Larde, G. 1989. Investigation on some factors affecting larval growth in a coffee-pulp bed. Biol. Wastes 30:11-19. Instituto Salvadoreno de Investigaciones del Cafe, Nueva San Salvador, El Salvador, C.A.
The author studied factors affecting the practical mass-production and harvest of fly larvae (as a protein source for domestic animals) developing in an open coffee-pulp (CP) bed, contained in a rectangular concrete tank 2.67 m long, 1.0 m wide and 0.51 m deep. The depth of the CP bed varied from 20 to 50 cm during the larval observation period of approximately 120 days. One-day-old CP was added periodically in amounts ranging from 4-13 kg wet matter per loading, the total weight loaded being 44.8 kg. Inoculation of eggs was by wild flies of the species Ornidia obesa (green hover fly), Hermetia illucens (soldier fly) and Musca domestica (house fly). Larvae migrating out of the tank dropped into a water-filled pit from which they were collecting for weighing.
An undesirable feature was the formation of an anaerobic zone that constituted 49% of the total volume of the CP bed. Larvae developed only in the aerobic zones extending about 12 cm deep from the top of the bed and 8 cm inward from the tank walls. Young fly larvae of all three species were found in the bed within the first week after initial loading. Larvae of M. domestica, which has the shortest life cycle, were pupating within a few days after the initial loading, and 815 larvae of this species migrated out of the bed on day 9. Heavy migrations from the bed occurred on days 36 and 50 after initial loading as the result of a heavy addition of coffee-pulp the preceding day in each case. These migrations presumably were caused by increased temperatures resulting from the heat generated by the rapid aerobic fermentation of the large volumes of substrate added. Such migrations did not occur when smaller lots of CP were added. The only rain, on day 82, also initiated a major migration. Turning of the CP, beginning on day 90, was expected to increase migrations, but that did not happen, probably because of the smaller numbers of larvae in the bed at that time.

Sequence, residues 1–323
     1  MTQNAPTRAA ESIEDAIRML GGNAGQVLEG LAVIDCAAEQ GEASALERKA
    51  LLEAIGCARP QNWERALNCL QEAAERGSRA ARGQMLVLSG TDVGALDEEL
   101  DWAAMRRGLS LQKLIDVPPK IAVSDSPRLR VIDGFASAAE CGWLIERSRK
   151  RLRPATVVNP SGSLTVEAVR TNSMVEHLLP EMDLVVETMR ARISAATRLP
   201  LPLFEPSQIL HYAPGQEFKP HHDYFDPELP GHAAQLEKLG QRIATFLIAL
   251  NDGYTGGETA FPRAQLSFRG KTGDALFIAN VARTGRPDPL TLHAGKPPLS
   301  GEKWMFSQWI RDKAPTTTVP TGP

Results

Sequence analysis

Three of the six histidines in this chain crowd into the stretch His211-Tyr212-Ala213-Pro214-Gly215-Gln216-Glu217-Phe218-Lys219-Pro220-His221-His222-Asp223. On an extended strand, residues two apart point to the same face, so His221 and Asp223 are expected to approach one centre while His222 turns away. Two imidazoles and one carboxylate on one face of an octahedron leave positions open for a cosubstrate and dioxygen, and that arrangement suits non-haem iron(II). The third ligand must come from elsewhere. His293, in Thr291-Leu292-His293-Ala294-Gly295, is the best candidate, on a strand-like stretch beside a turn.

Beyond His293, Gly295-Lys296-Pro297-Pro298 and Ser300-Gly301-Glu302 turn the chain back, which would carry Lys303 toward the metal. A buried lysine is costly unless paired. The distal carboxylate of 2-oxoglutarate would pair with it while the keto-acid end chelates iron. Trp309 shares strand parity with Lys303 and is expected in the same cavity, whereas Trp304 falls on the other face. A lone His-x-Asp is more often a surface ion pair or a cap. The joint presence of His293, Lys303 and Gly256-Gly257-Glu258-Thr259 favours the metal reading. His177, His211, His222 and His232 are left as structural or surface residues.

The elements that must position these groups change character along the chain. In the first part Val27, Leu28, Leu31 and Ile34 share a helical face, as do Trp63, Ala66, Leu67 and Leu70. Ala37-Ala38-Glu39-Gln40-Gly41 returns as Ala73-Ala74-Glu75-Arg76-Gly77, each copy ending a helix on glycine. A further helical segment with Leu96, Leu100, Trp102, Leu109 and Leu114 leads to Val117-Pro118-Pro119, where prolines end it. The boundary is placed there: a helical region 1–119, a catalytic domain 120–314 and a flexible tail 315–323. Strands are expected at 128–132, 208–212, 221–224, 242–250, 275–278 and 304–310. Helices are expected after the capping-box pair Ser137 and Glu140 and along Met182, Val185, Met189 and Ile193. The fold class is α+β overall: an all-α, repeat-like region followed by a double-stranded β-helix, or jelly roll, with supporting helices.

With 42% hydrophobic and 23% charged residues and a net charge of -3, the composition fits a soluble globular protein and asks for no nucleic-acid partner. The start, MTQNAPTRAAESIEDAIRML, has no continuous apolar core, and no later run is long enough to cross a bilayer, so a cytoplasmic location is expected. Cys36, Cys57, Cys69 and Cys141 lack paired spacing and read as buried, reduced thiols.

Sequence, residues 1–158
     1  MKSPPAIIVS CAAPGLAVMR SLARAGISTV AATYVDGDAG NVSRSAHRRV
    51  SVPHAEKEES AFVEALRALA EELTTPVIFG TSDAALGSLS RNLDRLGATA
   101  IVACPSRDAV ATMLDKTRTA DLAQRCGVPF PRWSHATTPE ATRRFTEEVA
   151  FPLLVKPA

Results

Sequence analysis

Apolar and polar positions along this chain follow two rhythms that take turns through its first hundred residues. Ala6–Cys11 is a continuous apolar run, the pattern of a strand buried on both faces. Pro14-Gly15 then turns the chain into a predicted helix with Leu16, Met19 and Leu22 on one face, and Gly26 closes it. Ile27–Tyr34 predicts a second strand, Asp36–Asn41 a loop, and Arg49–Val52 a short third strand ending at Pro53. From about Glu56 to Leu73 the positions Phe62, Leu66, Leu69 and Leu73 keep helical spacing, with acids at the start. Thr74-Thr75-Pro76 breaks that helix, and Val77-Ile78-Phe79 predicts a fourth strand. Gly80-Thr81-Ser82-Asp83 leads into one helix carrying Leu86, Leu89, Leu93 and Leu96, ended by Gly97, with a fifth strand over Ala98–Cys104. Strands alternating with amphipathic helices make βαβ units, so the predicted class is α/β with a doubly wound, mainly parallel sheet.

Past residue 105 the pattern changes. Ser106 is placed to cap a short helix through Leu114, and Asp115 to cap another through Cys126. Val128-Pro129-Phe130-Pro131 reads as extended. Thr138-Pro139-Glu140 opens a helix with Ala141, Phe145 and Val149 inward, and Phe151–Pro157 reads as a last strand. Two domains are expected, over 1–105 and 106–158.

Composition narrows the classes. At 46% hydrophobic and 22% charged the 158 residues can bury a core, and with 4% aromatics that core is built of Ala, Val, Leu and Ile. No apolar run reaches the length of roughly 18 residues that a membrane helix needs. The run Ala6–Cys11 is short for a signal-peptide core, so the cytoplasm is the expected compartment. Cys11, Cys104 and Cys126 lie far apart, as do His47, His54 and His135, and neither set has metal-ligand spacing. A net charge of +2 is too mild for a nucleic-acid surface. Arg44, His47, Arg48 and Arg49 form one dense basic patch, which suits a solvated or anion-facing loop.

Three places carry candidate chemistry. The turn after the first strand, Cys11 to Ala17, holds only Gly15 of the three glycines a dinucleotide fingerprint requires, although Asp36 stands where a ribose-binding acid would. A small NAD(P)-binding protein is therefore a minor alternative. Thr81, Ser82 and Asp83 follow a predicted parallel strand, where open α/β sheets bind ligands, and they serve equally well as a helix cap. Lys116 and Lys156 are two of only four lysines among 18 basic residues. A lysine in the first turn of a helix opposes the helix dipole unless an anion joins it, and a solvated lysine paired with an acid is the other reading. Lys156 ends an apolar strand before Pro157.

Larvae of 0. obesa and H. illucens were found to tolerate temperatures from 22.50C to 35°C in the medium and the latter was found in zones up to 40°C. 0. obesa larvae were more migratory than H. illucens larvae, and this clearly contributed to the greater weight of the former that migrated out of the bed (11.8 kg wet matter or 0.3 kg wet matter kg1 wet matter total CP loaded, compared to 2.2 kg and 0.05kg, respectively, for H .illucens). The author recommends emphasis on harvest of these two species because the larvae are about 20 times heavier than M. domestica larvae. Some larvae of at least two of the species, H. illucens and M. domestica, were lost because of pupation within the medium, but there was apparently no attempt to determine the proportions lost in this manner.
The author states that under the management conditions of the experiment, it would not be possible to achieve a constant daily level of larval production. A mass recovery can probably be accomplished, however, within 3-5 weeks after the initial loading by flooding the bed or by heat. Also a better ventilation of the substrate
is needed to prevent formation of anaerobic zones. Data on minerals analyses of one-day-old CP and at 104 days and 145 days after initial loading are presented in tabular form.
Finke, M.D.; DeFoliart, G.R.; Benevenga, NJ. 1989. Use of a four-parameter logistic model to evaluate the quality of the protein from three insect species when fed to rats. J. Nutr. 119:864-871. Departments of Nutritional Sciences, Entomology, and Meat and Animal Science, University of Wisconsin, Madison, WI. 53706,
Author’s Abstract. The quality of three insect protein sources (Mormon cricket meal (MCM, house cricket meal (HCM and Eastern tent caterpillar meal (TCM was evaluated relative to that of lactalbumin (LA) and soy protein (SP) by using both amino acid analysis and a rat bioassay. The amino acid pattern of the three insect meals indicated that methionine should be the first limiting amino acid for growing rats. In the rat bioassay, weanling Sprague-Dawley rats were fed graded levels of the five proteins in purified diets and the response (weight or nitrogen gain) evaluated as a function of nitrogen intake. The individual nitrogen intake – animal response results could be described by a series of curves using a four parameter logistic model. The use of parameter sharing permitted the full range of responses to be described so that statistical differences between the dose-response curves could be identified. When used for either weight maintenance, nitrogen equilibrium, minimum weight gain or maximum nitrogen retention, the five protein sources could be ranked in the following order: LA>HCM>MCM = SP>TCM Relative to lactalbumin, the value of all four protein sources decreased with increasing nitrogen intake. The low values obtained for TCM may have been related to factors other than protein quality. The results of this study indicate that some insect proteins are equivalent or superior to soy protein as a source of amino acids for growing rats.